PEST CONTROL/Chicago responds to West Nile outbreak
In September 2001, when Illinois health officials confirmed the presence of West Nile Virus in their state, they knew the virus likely would return the following year. However, they could not have predicted that Chicago — with 175 human cases confirmed through October 2002 — would be a hot spot for the disease.
“We knew that West Nile Virus was endemic to the Chicago area after 2001,” says Dr. William Paul of the Chicago Department of Public Health. “We were prepared for it to resurface in 2002, but I don’t think anyone thought we’d see this many cases during the 2002 outbreak.”
Nevertheless, Chicago was prepared to respond. Because West Nile can overwinter in mosquitoes (i.e., mosquitoes that contract the virus in one year can reintroduce it the following year), the city began reviewing its mosquito management plan at the end of the 2001 mosquito season.
Working with Roselle, Ill.-based Clarke Mosquito Control, the Chicago Department of Public Health conducted a comprehensive survey of mosquito habitats and developed a map to assist in mosquito control. The map cataloged Chicago’s surface water sites, flood plains and retention ponds, and it was instrumental in identifying potential truck routes for adulticiding.
The department also developed an integrated mosquito management plan for 2002. In addition to calling for increased surveillance and public education, the plan covered early-season larviciding in areas where infected mosquitoes had been identified, and it lay the groundwork for adulticiding.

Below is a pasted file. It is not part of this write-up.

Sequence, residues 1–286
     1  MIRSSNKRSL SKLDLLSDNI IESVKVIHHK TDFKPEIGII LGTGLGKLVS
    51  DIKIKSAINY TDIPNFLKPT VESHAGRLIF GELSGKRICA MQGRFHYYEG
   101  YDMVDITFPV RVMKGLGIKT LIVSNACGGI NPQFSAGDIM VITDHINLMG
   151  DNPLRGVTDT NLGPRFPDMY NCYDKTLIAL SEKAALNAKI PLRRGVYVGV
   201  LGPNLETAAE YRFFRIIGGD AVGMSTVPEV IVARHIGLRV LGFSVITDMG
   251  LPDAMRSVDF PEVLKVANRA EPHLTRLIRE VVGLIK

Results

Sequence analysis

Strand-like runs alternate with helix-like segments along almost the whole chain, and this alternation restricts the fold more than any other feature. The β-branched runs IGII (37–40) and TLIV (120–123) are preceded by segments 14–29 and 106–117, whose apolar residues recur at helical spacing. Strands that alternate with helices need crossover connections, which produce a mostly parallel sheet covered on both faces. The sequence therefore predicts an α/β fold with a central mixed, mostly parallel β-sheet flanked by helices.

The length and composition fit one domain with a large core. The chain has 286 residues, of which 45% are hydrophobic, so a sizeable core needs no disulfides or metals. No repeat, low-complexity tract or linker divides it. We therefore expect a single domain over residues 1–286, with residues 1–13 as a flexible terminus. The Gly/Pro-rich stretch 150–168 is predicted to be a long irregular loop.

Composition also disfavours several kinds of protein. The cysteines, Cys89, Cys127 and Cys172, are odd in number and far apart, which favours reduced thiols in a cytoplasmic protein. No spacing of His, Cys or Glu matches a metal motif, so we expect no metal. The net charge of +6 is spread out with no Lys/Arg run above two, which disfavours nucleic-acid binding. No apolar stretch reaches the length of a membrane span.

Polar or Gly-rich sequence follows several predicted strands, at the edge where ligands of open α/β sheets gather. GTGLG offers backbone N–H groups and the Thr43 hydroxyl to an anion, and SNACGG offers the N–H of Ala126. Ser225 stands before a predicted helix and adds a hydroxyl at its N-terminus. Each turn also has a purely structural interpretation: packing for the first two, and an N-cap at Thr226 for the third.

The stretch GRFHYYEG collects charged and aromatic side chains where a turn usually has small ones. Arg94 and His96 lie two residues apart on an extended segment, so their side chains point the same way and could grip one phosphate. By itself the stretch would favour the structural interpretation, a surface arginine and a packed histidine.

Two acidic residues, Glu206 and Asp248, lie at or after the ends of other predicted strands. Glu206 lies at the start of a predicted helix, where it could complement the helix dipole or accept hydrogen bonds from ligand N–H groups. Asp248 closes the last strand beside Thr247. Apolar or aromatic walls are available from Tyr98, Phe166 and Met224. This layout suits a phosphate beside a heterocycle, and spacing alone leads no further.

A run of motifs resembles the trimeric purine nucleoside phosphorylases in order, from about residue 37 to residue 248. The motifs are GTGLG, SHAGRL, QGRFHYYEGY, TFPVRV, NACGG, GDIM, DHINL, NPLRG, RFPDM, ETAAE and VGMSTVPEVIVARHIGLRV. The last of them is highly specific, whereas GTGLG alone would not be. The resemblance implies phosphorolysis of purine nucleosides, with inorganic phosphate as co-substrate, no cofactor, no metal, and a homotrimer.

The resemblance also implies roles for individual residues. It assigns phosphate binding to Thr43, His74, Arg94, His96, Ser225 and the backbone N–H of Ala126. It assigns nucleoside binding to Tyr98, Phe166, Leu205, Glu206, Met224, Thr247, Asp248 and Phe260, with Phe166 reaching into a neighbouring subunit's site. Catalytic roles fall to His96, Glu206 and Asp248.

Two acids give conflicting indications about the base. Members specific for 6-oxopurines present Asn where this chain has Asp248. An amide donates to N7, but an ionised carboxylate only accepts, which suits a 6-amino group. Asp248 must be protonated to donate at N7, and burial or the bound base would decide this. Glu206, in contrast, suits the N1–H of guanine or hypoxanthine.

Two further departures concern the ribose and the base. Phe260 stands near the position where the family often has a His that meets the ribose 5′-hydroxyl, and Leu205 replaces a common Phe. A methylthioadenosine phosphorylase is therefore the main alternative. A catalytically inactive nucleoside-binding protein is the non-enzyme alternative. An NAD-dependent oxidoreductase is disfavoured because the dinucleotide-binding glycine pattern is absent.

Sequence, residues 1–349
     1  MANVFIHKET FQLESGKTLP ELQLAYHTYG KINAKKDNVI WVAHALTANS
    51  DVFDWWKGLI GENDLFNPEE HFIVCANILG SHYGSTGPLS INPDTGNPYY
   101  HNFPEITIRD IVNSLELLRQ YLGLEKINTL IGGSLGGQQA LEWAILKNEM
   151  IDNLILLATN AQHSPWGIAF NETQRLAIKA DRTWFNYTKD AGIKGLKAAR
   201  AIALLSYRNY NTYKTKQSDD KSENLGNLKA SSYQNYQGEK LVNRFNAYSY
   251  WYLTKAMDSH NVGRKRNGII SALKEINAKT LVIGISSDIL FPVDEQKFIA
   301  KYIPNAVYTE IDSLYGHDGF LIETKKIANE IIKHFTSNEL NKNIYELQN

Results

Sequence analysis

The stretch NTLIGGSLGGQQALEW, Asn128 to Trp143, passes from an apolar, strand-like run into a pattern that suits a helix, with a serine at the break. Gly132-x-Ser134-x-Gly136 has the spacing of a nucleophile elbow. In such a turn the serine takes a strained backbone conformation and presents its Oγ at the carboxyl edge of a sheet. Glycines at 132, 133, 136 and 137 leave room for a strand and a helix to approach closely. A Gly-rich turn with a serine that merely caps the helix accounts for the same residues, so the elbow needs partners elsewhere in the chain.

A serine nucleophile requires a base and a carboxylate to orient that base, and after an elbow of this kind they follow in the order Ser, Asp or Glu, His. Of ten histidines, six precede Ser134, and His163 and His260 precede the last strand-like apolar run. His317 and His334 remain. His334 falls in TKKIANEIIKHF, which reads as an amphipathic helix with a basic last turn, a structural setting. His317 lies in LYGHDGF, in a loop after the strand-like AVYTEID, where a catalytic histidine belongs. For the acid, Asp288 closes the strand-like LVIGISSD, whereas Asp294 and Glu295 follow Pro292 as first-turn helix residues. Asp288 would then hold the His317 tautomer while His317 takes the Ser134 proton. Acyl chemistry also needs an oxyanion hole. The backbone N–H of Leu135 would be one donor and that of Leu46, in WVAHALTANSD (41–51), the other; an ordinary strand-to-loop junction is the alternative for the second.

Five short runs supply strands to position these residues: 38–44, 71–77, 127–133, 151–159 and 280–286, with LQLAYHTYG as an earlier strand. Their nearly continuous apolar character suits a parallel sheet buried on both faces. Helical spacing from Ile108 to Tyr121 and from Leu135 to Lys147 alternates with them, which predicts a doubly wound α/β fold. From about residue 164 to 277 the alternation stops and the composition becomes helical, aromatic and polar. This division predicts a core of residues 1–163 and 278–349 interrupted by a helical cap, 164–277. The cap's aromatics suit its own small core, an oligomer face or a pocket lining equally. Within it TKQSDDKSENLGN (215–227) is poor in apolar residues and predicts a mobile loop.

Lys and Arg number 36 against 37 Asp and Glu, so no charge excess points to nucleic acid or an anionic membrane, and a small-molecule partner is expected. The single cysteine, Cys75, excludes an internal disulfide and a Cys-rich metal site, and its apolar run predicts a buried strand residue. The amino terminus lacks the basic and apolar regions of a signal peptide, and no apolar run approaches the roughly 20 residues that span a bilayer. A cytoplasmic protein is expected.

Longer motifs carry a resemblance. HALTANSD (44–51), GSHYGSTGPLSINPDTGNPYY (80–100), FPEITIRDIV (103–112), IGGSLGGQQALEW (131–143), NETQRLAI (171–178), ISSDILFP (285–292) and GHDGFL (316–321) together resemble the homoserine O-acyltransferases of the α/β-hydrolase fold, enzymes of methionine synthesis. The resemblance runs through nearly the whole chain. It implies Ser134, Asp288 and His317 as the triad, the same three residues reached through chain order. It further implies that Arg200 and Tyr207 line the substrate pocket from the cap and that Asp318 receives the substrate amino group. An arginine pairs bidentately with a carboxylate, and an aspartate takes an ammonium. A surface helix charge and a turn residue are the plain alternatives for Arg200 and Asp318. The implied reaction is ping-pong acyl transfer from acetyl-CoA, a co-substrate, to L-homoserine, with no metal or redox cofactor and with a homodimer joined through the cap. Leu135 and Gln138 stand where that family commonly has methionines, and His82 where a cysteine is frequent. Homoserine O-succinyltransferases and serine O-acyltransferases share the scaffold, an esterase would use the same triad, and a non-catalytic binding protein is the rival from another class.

In Spring 2002, Chicago detected West Nile Virus in a bird and in mosquitoes. The city reported its first human case on Aug. 15, prompting the Department of Sewers to conduct citywide larviciding. That case also prompted the city to redouble its efforts to educate the public and to identify and eliminate standing water.
As the number of human cases increased rapidly, the Chicago Department of Public Health consulted with the Illinois Department of Public Health, based in Springfield, and U.S. Centers for Disease Control and Prevention, based in Atlanta, to prepare an appropriate response. In early September, Chicago rolled out the next phase of its mosquito control program: adulticiding.
The city had not used adulticides citywide since a 1975 outbreak of St. Louis Encephalitis. Preparing to address residents’ concerns about chemical spraying, Chicago’s public information officers met with all city departments and integrated their responses.
Identifying two large areas with high rates of West Nile infection, Chicago treated those areas twice a day for 10 days. Using 20 to 30 trucks each evening, crews applied ultra-low volumes of the adulticide Anvil to residential streets and alleys between dusk and dawn.
Public and media response to the adulticiding was largely positive, and the applications accomplished their intended effect. “After these adulticiding applications, we saw a substantial drop in mosquito populations in our traps, Paul says.